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Yes, Kareen Abdul Jabbar may be a basketball legend, but did you know he has a strong opinion of the dating competition show The Bachelor and The Bachelorette! Well he does and he basically hates it—or rather he just doesn’t think they are realistic in the slightest when it comes to love he says in his essay ‘The Bachelor’ Is Killing Romance in America for THR.
“So, what’s so wrong with a little harmless entertainment of watching people scramble for “love” like ravenous crabs on a washed up seal corpse? In the short term, nothing. Just good, clean fun. But the long-term effects of their choices — from the types of people selected to be on the show to the promotion of a subversive, childish concept of love — is like smoking or listening to Kenny G: it can have serious.” consequences.”
“The shows’ mantra repeated by most castmembers that “everyone deserves love” ain’t necessarily so. You’re not even in the running for love unless you fit a very narrow ideal of Ken and Barbie doll physical beauty. These shows promote the scorched-earth effects of raising females to be continually judged physically above all other attributes and then measured against impossible physical standards that has marginalized a majority of girls and women — and made billions for the beauty products, clothing, and cosmetic surgery industries. Even youthful Amanda Stanton, 26, admits to using Botox.”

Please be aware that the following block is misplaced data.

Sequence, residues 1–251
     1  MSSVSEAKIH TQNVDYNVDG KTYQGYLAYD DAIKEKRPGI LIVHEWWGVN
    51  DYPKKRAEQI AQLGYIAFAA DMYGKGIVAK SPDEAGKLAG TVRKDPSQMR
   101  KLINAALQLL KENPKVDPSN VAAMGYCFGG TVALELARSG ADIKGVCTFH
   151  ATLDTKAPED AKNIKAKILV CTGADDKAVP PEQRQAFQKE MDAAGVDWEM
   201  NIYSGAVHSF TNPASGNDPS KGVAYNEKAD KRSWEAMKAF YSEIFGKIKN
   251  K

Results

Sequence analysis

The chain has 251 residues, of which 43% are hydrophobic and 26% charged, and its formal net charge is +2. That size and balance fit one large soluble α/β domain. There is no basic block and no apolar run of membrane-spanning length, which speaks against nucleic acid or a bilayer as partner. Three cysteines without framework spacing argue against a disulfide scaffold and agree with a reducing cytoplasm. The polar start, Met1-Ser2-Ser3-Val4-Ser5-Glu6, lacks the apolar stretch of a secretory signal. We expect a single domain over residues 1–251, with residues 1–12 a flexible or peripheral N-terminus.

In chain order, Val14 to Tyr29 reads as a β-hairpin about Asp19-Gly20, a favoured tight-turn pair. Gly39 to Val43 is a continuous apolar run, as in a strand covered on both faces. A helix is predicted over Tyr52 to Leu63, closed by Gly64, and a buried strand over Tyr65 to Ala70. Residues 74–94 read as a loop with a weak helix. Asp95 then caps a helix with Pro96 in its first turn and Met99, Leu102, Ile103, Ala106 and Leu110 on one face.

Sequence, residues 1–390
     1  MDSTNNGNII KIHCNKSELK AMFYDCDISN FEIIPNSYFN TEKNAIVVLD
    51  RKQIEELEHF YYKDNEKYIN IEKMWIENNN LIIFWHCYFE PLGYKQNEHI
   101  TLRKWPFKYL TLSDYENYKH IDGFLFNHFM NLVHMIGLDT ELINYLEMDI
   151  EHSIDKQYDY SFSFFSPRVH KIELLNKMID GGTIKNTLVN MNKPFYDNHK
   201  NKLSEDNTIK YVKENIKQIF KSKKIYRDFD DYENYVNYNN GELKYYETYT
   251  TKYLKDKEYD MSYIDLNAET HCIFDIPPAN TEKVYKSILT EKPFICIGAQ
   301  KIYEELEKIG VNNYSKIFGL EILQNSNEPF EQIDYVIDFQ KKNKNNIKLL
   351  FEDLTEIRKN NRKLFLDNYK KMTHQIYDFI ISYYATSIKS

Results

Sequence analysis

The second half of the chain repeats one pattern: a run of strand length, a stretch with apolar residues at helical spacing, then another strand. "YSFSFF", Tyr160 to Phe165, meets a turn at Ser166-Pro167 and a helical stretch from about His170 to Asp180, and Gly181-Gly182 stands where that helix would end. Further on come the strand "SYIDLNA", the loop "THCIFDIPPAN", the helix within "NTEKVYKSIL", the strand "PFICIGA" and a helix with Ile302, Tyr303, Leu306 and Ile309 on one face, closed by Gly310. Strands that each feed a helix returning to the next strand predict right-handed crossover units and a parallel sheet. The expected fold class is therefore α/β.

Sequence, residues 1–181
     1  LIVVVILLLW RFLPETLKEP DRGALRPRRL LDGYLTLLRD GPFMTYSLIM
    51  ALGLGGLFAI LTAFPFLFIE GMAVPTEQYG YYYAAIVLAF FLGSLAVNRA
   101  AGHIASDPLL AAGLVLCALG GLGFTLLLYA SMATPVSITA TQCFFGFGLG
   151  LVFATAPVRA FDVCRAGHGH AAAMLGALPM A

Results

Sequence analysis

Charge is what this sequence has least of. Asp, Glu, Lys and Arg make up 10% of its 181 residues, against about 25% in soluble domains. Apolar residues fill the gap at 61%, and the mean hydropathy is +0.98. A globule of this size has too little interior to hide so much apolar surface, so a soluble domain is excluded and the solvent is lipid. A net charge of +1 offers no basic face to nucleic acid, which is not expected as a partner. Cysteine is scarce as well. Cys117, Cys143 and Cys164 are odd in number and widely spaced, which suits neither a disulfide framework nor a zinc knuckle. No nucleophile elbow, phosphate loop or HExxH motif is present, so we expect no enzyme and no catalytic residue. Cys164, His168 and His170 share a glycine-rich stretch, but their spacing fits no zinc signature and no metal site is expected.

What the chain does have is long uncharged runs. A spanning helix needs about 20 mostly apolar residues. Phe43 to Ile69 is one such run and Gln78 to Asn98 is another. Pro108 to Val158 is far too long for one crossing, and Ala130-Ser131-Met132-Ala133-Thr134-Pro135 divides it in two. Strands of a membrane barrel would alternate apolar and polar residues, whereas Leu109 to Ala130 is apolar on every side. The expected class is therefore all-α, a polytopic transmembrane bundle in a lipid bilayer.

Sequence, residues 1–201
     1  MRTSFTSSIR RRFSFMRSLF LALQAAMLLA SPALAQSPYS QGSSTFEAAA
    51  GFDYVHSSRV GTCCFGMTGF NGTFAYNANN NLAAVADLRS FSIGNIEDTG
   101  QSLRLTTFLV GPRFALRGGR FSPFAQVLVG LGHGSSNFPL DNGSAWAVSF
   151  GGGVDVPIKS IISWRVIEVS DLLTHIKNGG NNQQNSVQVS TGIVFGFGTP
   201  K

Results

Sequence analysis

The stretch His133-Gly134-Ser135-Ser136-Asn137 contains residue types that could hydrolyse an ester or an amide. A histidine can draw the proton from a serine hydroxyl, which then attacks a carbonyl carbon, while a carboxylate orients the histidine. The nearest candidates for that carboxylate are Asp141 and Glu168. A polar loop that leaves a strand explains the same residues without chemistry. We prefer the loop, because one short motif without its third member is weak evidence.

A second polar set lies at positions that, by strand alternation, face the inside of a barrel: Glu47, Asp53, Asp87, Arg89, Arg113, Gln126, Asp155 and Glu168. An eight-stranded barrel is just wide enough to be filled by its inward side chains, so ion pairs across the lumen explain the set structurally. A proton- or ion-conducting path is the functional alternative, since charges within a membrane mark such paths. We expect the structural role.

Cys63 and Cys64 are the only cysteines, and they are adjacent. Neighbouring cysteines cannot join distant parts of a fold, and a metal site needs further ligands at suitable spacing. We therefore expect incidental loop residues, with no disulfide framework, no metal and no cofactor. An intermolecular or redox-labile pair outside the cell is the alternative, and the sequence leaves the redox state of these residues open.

He’s not wrong or jaded at all with his essay. I may have watched like the first season of the Bachelor and heard about subsequent seasons, but I just don’t believe most will find love in a room with 20 guys vying for the hand of one lady. The odds are pretty stacked against you. If anything these shows are stepping stool for the contestants (or subject) to move on to other ventures like hosting, modeling, appearances, etc
Jabbar also questioned what’s really important on these shows—its all about looks over intellect. “The real crime is the lack of intellectual and appearance diversity, which leaves the contestants as interchangeable as the Mr. Potato Head parts. The lack of racial diversity has already been commented on. If you’re black on The Bachelor or The Bachelorette, you’re usually kept around as a courtesy for a few weeks before being ejected.”
“The Bachelor/Bachelorette shows could be an informative social mirror that exposes the basic cracks in how Americans glamorize romance and as such could be part of the cure.” Preach!
Photo from PR Photos